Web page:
Fischer also advises asking how often the horse needs to be ridden versus how often it needs to be worked on the pattern.
Before buying, you need to know how much time you have to dedicate to the horse in order to perform well at the race.
“How many times a week do they have to ride it? Does it need to be worked [on the barrels] every day, or only worked one day a week?” Fischer said. “Professional barrel racers ride our horses every day. A lot of people don’t have that option. You may only be able to give that horse three days a week. If it has to be ridden every day because it’s high-strung, that’s not a horse you need.”
Wargo strongly advises doing your homework, asking around and pulling records to avoid falling victim to horse traders. A thorough pre-purchase veterinary exam, preferably set up by you and not the seller, should also be mandatory before making any final decisions or transactions.
“Unfortunately there’s so many of these guys who are horse traders and horse brokers, and they’ve won some stuff, so automatically people assume they can trust they won’t take advantage of you,” Wargo said. “Use your resources like Equi-Stat to find out if the horse has won anything and what division it’s won in, so you have that information and did some research and not just going off someone’s word that it won at a local jackpot. You’re making smart decisions about your investment.”
Where to Look
Though there are an abundance of ads on social media and horse sale websites, Fischer and Wargo advise finding a horse through word of mouth and reputable sources. A local barrel race is a good place to start meeting friends who can help.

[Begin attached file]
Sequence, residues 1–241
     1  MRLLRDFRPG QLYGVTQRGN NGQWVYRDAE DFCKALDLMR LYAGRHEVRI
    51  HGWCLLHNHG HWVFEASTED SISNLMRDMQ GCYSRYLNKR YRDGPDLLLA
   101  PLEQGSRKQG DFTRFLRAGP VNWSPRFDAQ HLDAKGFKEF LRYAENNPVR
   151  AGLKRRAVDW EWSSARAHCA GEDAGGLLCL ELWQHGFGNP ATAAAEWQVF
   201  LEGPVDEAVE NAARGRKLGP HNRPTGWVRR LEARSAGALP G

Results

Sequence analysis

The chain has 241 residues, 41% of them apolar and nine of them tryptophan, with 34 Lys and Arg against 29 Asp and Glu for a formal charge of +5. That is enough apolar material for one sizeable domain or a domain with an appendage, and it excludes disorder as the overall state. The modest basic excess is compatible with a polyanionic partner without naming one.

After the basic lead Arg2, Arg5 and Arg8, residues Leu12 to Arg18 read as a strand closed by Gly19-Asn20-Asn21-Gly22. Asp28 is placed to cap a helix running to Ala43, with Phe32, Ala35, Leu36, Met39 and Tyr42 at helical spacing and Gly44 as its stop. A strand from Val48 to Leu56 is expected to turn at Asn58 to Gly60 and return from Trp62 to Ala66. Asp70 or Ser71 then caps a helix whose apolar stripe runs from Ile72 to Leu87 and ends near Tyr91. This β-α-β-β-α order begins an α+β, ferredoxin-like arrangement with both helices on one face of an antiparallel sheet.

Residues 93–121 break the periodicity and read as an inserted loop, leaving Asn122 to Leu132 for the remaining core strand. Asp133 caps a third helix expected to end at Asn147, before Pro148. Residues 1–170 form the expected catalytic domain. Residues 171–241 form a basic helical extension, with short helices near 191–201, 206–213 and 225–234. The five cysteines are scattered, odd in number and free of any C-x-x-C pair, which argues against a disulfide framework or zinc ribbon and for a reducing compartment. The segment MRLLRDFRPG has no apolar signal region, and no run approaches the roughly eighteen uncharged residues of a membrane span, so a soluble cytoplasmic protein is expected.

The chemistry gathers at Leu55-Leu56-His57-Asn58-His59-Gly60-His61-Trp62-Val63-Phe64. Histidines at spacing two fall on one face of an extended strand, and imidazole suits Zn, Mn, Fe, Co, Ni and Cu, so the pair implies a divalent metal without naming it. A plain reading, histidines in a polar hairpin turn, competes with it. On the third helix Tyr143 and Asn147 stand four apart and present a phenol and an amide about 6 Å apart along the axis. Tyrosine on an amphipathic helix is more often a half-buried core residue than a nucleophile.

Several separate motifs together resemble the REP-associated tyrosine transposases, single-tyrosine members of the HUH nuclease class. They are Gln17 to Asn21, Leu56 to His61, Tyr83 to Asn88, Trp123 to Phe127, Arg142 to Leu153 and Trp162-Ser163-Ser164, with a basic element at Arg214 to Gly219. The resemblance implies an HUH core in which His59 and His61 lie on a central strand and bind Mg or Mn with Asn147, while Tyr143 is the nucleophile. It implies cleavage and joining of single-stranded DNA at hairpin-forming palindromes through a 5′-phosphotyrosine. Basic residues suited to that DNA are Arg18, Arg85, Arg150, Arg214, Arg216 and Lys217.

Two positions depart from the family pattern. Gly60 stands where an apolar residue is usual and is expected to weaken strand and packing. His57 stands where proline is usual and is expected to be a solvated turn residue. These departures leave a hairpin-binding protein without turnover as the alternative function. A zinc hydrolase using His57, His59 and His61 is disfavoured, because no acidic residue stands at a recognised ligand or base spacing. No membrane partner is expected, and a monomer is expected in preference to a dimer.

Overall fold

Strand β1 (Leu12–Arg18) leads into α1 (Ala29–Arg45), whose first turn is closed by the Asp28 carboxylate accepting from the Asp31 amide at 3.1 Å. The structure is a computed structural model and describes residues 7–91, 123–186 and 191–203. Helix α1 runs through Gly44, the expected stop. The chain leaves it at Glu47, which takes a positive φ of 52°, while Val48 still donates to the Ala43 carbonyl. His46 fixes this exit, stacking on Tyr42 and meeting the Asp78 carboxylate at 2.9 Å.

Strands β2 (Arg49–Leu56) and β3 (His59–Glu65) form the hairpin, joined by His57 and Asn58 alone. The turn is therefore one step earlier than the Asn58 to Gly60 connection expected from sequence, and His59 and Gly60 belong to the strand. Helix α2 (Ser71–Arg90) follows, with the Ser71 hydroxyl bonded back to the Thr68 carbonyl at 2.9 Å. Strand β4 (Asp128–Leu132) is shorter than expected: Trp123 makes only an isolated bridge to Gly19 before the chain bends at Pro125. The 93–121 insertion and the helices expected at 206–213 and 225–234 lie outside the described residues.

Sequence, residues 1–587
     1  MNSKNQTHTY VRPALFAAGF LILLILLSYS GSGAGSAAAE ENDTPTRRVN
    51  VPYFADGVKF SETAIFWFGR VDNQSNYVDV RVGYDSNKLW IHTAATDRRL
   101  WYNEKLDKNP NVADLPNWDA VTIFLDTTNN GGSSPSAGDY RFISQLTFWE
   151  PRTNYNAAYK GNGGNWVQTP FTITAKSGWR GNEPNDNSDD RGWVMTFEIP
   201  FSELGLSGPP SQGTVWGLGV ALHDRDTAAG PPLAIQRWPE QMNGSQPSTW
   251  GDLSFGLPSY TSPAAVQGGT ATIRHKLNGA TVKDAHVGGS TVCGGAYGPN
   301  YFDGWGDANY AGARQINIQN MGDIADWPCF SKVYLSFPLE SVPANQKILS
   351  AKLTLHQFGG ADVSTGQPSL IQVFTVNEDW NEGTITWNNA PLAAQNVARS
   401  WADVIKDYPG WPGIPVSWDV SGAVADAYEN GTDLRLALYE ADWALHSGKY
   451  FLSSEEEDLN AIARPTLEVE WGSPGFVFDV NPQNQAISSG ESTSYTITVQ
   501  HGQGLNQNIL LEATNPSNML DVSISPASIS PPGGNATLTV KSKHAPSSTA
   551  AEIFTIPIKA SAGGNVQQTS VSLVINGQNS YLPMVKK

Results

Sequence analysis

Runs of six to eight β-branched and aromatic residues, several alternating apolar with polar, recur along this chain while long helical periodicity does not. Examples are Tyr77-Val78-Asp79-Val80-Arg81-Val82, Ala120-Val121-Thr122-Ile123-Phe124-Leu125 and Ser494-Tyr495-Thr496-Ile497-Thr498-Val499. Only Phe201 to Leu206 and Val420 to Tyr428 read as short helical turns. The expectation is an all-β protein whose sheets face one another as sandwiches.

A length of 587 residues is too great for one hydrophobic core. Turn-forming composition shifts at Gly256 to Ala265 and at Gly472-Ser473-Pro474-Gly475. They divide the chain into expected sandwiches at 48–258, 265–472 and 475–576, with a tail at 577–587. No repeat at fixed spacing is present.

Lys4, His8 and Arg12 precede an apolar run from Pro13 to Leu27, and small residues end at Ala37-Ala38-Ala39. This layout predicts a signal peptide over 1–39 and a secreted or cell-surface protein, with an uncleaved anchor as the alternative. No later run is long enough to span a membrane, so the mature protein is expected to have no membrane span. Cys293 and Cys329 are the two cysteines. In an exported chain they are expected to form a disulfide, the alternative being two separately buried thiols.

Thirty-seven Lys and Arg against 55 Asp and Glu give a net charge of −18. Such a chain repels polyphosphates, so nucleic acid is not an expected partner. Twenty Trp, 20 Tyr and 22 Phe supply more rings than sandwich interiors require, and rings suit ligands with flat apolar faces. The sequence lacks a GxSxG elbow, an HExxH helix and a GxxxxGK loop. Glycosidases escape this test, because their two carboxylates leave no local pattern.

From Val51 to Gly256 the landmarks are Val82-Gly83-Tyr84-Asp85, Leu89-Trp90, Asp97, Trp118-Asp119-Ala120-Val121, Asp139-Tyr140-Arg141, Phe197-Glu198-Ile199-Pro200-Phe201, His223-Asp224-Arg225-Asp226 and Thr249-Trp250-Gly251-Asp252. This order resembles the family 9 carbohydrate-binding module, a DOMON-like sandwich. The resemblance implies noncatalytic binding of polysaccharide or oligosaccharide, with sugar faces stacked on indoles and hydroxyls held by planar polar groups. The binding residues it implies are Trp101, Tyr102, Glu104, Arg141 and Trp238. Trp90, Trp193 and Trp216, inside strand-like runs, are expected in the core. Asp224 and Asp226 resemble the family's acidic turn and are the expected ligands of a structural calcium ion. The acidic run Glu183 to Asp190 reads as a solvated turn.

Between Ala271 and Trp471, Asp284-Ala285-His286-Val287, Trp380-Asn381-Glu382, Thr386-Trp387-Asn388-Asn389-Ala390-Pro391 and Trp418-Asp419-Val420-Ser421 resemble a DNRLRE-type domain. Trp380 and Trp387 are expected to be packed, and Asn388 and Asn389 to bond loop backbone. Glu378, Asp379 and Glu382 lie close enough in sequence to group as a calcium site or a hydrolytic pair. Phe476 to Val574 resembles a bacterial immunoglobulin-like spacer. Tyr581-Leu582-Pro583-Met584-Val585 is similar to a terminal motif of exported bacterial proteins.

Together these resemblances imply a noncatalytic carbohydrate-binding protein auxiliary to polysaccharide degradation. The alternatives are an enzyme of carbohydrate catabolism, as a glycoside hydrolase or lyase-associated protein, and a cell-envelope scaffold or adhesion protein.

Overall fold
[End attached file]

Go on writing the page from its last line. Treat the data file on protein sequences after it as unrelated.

“Go to some events you want to compete in once you get a horse, and make friends and find some knowledgeable people and educate yourself on what you’re doing besides just browsing ads,” Fischer said. “Watch somebody who rides well, and then go make friends and ask that person for help. When you start any other sport, whether it’s baseball, basketball or volleyball, you don’t just go out in your backyard and start doing it on your own. You get on a team, find a coach, and have some help. When people start barrel racing, they go pick up the ads, start looking and doing it all on their own, and they don’t have any help other than what they read and do online.”
Wargo says futurity trainers can be an excellent resource to consult because of their knowledge of bloodlines, soundness issues, conformation and potential issues on the pattern. She suggests seeking advice from a trainer, even if you don’t plan to have a young futurity horse.
“I think the futurity trainers are all very approachable. Most every one of us got started by having a nice little horse and deciding to try the futurity deal, so we all came from a pretty down-to-earth [background], starting from the bottom working our way up—we appreciate the people who were willing to help us along the way,” Wargo said. “Even if you have no intention of buying a young horse, I would feel really good about sending somebody to a futurity trainer to ask about horses, watch some videos of the horse and tell you what their thoughts are on if they see some major bad habits, and then go to get help if things start to unravel. We all want to see people barrel race. It’s good for the industry and it’s good for all of us.”
This article was originally published in the September 2019 issue of Barrel Horse News.